- Lind, L.J.
- History - general
- RAN Ships
- None noted.
- December 1990 edition of the Naval Historical Review (all rights reserved)
Old Sydney Town
Returning to the Society, in 1973 an approach had been made to us by Fox and Associates, Architects for advice and assistance on their historical project on the Central Coast, Old Sydney Town. The Committee considered this a worthy cause and one that involved the Navy in the first settlement of Australia. Later in the year we changed our venue to the offices and display centre of Old Sydney Town in the Rocks area of Sydney.
The new venue had atmosphere, comfort and interest to all members. Many of the displays for Old Sydney Town were taking shape at the location and the company assisted the Society in every way. A number of members joined the undertaking on the site and contributed a lot to the success of the undertaking.
We enjoyed many interesting speakers at the venue and one many will still remember is ‘The Navy Career of Captain Joseph Burnett, RAN’ which was presented by his son, Commander P.R. Burnett, RAN (Ret.). The lecture was later published in the Naval Historical Review.
The Committee elected in 1974 consisted of Mr L.J. Lind, President; Lieutenant R. Torrington and Mr M.A. Payne, Vice Presidents; Lieutenant Commander P. Churchill, Secretary; Miss B. Whiting, Treasurer; Captain W. Cook, Lieutenant R. Atwill, and Messrs R. Scrivener, A. McEwen, A. Birch and S. Hertz, Committee.
Our fourth Chapter, Australian Capital Territory, was formed during the year. With its large naval population ACT was to remain a strong Chapter.
It is interesting to note that the Committee had decided to dispense with Vice Patrons and the list of Patrons was increased accordingly. They were: Admiral Sir Victor Smith, KBE, CB, DSC; Vice Admiral Sir Henry Burrell, KBE, CB; Vice Admiral Sir Richard Peek, KBE, CB, DSC; Vice Admiral H.D. Stevenson, CBE; Rear Admiral G.J.B. Crabb, CBE, DSC; Rear Admiral B.W. Mussared, CBE; Rear Admiral W.D.H. Graham, CBE; Rear Admiral D.C. Wells, CBE; Rear Admiral W. Dovers, CBE, DSC; and Mr Samuel Landau, CBE, MA.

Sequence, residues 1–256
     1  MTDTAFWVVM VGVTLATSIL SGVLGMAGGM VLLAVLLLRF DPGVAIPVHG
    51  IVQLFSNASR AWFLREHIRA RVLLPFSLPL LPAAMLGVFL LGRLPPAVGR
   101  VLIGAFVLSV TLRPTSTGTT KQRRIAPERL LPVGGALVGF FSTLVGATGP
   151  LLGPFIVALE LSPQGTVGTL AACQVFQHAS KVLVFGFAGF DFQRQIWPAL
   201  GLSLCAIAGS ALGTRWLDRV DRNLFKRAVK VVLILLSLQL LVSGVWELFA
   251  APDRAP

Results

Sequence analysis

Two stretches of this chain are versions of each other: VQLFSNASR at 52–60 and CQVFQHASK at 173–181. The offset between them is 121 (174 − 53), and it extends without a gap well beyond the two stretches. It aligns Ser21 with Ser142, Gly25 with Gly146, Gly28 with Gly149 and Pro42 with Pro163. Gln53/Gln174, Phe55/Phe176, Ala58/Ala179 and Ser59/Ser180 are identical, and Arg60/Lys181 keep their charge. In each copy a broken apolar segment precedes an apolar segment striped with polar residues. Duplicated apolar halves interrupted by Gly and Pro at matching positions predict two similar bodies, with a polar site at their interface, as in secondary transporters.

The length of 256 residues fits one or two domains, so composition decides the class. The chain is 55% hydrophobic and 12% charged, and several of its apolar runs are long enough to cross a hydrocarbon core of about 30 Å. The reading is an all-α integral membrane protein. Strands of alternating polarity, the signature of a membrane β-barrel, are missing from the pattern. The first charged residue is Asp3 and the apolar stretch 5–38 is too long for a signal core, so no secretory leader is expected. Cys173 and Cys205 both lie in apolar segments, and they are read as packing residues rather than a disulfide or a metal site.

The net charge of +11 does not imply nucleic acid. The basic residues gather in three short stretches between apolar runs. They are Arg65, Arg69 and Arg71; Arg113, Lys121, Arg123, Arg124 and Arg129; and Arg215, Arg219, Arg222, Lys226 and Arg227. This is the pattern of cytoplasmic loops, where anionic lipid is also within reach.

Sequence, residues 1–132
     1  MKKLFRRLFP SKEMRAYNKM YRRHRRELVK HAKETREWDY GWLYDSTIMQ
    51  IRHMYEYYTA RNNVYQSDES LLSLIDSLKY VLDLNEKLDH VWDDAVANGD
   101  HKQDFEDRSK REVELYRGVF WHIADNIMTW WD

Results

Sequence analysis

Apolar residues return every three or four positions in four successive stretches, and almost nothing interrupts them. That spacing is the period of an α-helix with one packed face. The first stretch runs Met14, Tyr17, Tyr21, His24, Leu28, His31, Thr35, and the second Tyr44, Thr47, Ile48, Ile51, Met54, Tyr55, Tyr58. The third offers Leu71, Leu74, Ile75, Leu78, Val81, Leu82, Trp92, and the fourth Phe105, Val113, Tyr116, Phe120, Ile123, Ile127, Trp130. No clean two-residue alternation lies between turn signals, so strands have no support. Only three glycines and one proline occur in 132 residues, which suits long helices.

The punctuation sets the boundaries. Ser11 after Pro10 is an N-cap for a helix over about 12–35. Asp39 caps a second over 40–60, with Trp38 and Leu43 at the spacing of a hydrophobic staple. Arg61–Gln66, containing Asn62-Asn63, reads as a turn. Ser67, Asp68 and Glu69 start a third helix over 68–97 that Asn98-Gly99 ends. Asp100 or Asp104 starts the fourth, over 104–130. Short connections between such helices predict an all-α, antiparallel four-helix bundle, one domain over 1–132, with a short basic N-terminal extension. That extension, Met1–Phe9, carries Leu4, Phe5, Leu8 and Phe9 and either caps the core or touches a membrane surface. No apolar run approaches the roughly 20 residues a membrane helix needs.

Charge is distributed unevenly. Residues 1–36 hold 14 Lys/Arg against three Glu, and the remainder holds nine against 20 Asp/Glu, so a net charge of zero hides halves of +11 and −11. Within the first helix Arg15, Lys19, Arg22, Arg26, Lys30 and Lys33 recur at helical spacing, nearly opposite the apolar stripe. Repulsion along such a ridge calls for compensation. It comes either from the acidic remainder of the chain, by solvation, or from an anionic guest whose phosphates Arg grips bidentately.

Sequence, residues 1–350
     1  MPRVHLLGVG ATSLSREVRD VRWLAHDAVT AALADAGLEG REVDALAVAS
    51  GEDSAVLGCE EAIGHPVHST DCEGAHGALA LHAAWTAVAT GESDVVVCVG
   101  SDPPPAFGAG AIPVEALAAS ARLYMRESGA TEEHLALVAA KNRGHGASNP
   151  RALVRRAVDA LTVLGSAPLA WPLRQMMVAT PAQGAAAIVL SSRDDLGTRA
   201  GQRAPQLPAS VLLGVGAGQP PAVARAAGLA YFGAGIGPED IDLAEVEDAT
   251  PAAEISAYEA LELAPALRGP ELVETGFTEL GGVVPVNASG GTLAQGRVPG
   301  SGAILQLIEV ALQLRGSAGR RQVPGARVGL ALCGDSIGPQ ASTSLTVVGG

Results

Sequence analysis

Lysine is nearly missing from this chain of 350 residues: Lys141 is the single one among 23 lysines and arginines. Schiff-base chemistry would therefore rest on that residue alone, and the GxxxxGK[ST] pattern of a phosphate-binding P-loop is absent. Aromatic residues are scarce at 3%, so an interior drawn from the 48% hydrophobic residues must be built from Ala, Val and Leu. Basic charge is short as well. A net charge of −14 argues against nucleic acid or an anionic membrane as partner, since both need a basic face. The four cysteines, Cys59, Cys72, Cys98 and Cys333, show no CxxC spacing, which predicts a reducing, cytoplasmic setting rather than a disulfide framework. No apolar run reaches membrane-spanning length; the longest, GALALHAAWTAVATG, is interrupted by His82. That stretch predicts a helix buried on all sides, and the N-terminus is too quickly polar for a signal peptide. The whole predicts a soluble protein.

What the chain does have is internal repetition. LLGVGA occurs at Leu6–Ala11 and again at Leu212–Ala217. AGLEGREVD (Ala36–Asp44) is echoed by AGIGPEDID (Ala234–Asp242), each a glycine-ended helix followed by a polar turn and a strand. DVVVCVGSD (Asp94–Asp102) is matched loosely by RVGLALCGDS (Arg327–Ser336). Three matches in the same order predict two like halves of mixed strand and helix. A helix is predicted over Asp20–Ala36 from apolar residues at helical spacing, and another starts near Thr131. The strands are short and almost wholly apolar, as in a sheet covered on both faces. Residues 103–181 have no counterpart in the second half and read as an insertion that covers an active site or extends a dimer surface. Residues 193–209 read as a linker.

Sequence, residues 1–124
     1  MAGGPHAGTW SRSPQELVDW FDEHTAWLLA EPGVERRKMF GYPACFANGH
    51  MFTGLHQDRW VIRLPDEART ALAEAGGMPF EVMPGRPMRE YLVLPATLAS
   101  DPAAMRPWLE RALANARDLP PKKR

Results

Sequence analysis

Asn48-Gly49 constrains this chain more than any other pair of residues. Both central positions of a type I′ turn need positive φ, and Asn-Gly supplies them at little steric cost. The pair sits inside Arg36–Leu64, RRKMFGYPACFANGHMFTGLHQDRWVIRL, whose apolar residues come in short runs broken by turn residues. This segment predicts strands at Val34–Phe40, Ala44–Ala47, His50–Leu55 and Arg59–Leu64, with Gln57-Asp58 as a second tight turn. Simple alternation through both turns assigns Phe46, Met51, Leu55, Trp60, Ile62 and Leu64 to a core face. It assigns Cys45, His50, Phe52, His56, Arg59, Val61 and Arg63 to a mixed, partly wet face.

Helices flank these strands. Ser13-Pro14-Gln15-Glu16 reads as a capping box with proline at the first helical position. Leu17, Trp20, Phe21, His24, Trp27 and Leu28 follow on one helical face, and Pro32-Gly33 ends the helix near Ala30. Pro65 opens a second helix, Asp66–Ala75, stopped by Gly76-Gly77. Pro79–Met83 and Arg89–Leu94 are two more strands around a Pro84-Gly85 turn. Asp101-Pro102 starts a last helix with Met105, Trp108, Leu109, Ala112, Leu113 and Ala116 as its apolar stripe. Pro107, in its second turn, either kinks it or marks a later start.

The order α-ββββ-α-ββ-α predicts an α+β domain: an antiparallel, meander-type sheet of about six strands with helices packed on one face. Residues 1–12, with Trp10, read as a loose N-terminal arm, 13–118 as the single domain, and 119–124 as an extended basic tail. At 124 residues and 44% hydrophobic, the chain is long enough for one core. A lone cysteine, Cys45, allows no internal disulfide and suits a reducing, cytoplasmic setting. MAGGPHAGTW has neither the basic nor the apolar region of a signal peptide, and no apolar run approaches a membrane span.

Garden Island Museum Collection and more publishing
The Society’s first exhibition was held on Navy Day at Garden Island. It was staged in the Sail Loft in conjunction with displays by the sailmakers and flagmakers. At this period our collection was small but it was supplemented with items from the Dockyard collection. This was our first exposure to the public and during the day some thousands of people passed through. Those who assisted on the display agreed it was a success. We sold quite a number of our publications and handed out several hundred membership applications.
From the time of my appointment to Garden Island in 1966 I was conscious of the need of a historical collection. It started initially with the collection of antique cannon and two ships’ figureheads which had been presented to the dockyard in the distant past. To these I added over the years any item I considered to be historically important. Then, as now, storage space was at a premium, but a small caged area in the tunnels under the northern hill was allocated. The first item I stowed there was a cane coaling basket which today is on display in the Garden Island Museum. Since then hundreds of items have been salvaged from the dockyard or ships paying off and not a few from public donors.
With the advent of the Society a second historical collection was initiated and these two collections were merged to make the Garden Island Museum Collection.
Our first meeting at Snapper Island was held in 1974 and a close association developed between Commander Len Forsythe and the Society. In later years the Society maintained a gallery in the Snapper Island Museum.
The second book published in this year was ‘HMAS AUSTRALIA’ which was written by Alan Payne. We were very fortunate in having a close relationship with the Navy Historian, Mr J. Ware at Navy Office, who through the years provided copies of ships’ Letters of Proceedings and other information without which the task of compilation would have been impossible. Another important information source was the many diaries kept by the ships crews and kindly lent to the Society. (Whatever happened to that regulation forbidding the keeping of personal diaries in time of war?)